Let’s do a brisk jog through the statistics for the winners of the fiction prize component of other major awards: the Queensland Premier’s Prize has been won by a woman four out of 12 times, The Age Book of the Year Award 14 out of 36 times, the NSW Premier’s Award 11 out of 31 times, the Victorian Premier’s Award eight out of 26 times. In contrast, the WA Premier’s Award has been awarded to women more often than men – eight out of 14 times. I find it interesting that people who would argue (correctly) that you can’t deny climate change because we have a few cool days in a row, or it’s been raining in Victoria this year – that is, who argue you have to look at long-term trends – are more than happy to say that it’s just been a bad year for women’s writing. You can argue the toss about any given year; you can’t argue with decades of systematic exclusion.
The gender differential in every area of the literary world is shocking. Surveys consistently find women read more books than men, especially fiction. As Ian McEwan once put it, ‘when women stop reading, the novel will be dead’. But while men are buying around 20 per cent of the books, they are doing most of the reviewing of them, and the books they are reviewing are usually written by men. The latest interrogation of these figures in Australia has been triggered by a survey undertaken by the American organisation VIDA: Women in the Literary Arts, which was set up ‘to explore critical and cultural perceptions of writing by women through meaningful conversation and the exchange of ideas among existing and emerging literary communities’.
Readers may well be aware of those figures (taken from 2010) but here they are again: in The New York Times Book Review, 40 per cent of book reviewers were women and 35 per cent of books reviewed were by women writers; in The New Yorker, 22 per cent of book reviewers were women and 20 per cent of books reviewed were by women writers; in The Atlantic, 19 per cent of book reviewers were women and 23 per cent of books reviewed were by women writers; in Harpers, 18 per cent of book reviewers were women and 31 per cent of books reviewed were by women writers; in the London Review of Books, 22 per cent of book reviewers were women and 29 per cent of books reviewed were by women writers; in The Times Literary Supplement, 27 per cent of book reviewers were women and 24 per cent of books reviewed were by women writers; in The New York Review of Books, 16 per cent of book reviewers were women and 16 per cent of books reviewed were by women writers. And, just to throw another random figure into the mix, influential US trade magazine Publishers Weekly’s list of Top 10 Books of 2009 was all-male. When their attention was drawn to this statistic, Publishers Weekly’s response was uncannily close to that of the Miles Franklin judges: ‘We wanted the list to reflect what we thought were the top 10 books of the year with no other consideration … We ignored gender and genre and who had the buzz … It disturbed us when we were done that our list was all male.’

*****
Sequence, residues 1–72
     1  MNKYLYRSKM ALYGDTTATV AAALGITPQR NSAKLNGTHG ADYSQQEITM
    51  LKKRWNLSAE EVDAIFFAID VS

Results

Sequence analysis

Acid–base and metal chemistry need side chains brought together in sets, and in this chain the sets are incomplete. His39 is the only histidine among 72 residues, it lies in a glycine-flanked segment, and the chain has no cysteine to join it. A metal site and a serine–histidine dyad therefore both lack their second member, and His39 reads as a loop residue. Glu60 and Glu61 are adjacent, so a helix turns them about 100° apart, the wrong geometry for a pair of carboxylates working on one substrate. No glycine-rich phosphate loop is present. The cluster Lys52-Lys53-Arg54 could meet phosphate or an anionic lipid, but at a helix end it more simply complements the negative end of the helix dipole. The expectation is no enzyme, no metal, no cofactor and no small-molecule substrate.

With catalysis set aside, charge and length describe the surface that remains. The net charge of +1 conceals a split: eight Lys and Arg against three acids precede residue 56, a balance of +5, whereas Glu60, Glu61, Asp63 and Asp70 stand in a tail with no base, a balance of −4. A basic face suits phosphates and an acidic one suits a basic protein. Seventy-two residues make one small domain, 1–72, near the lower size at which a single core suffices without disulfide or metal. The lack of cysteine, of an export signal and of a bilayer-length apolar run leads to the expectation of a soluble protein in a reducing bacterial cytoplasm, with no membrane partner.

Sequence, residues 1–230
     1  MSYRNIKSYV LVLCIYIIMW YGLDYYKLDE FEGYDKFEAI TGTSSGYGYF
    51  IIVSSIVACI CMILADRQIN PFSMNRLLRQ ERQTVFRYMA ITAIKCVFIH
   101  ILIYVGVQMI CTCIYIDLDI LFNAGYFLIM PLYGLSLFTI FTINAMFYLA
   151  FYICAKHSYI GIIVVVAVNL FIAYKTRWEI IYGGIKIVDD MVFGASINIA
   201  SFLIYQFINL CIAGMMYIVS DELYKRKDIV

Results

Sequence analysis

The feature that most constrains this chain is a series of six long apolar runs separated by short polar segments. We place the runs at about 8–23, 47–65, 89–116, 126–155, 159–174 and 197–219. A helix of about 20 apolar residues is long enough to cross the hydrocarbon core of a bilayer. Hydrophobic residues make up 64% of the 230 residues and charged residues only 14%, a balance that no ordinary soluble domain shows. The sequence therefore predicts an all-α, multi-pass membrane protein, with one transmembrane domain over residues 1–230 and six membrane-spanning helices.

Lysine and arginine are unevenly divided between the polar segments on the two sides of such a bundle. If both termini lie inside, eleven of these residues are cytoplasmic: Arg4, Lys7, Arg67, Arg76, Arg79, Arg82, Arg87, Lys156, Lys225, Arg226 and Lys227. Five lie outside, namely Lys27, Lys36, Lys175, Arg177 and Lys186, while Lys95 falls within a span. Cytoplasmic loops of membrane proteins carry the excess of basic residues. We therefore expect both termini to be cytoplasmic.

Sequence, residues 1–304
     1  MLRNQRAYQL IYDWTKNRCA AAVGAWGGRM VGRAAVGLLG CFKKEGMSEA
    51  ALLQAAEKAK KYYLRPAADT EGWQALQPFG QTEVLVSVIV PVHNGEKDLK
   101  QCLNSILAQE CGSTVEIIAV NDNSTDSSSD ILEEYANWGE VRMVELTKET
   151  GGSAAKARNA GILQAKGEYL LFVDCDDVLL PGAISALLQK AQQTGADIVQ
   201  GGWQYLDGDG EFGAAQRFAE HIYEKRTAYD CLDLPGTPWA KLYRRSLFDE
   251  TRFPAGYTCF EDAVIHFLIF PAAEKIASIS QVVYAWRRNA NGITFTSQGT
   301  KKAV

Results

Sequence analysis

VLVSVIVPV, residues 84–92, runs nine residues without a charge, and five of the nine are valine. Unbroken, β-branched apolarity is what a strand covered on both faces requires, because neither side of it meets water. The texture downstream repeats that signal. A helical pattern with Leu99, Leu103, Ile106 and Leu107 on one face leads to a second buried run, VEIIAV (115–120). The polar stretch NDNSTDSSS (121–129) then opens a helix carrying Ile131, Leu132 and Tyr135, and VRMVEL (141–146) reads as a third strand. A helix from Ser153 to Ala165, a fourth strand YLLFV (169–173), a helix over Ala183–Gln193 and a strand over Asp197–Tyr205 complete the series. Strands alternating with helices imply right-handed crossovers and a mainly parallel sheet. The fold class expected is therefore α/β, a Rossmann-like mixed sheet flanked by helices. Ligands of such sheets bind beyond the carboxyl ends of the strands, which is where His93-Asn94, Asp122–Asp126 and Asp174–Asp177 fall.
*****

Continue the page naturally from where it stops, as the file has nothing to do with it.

Australian literary pages fare slightly (but not much) better. At The Age, between 1 January and 22 May 2011, of 344 reviewed books, 204 were authored or edited by men and 140 by women (41 per cent). Two hundred and thirteen of those reviews were written by men and 131 by women (38 per cent). At The Australian 180 of 265 books reviewed were authored or edited by men and only 79 of those reviews were written by women (30 per cent). Over at Australian Book Review, 364 books were reviewed in 2010. Two hundred and six of those books were authored by men and 158 by women (43 per cent). The numbers of reviewers was fairly even. At Australian Literary Review, the stats are more damning. From 1 February to May 2011, 43 books were reviewed: 35 authored or edited by men and only 8 by women (18 per cent). Thirty-six of those reviewers were men and seven were women.
Literary journals tend to have more positive figures. Kill Your Darlings publishes more women (around 60 per cent) than men. Voiceworks, a magazine that publishes writers under 25, published 56 men and 77 women in 2010. That journal’s editor, Johannes Jakob, also told me that Voiceworks read their submissions blind, with no idea of name, gender or geography.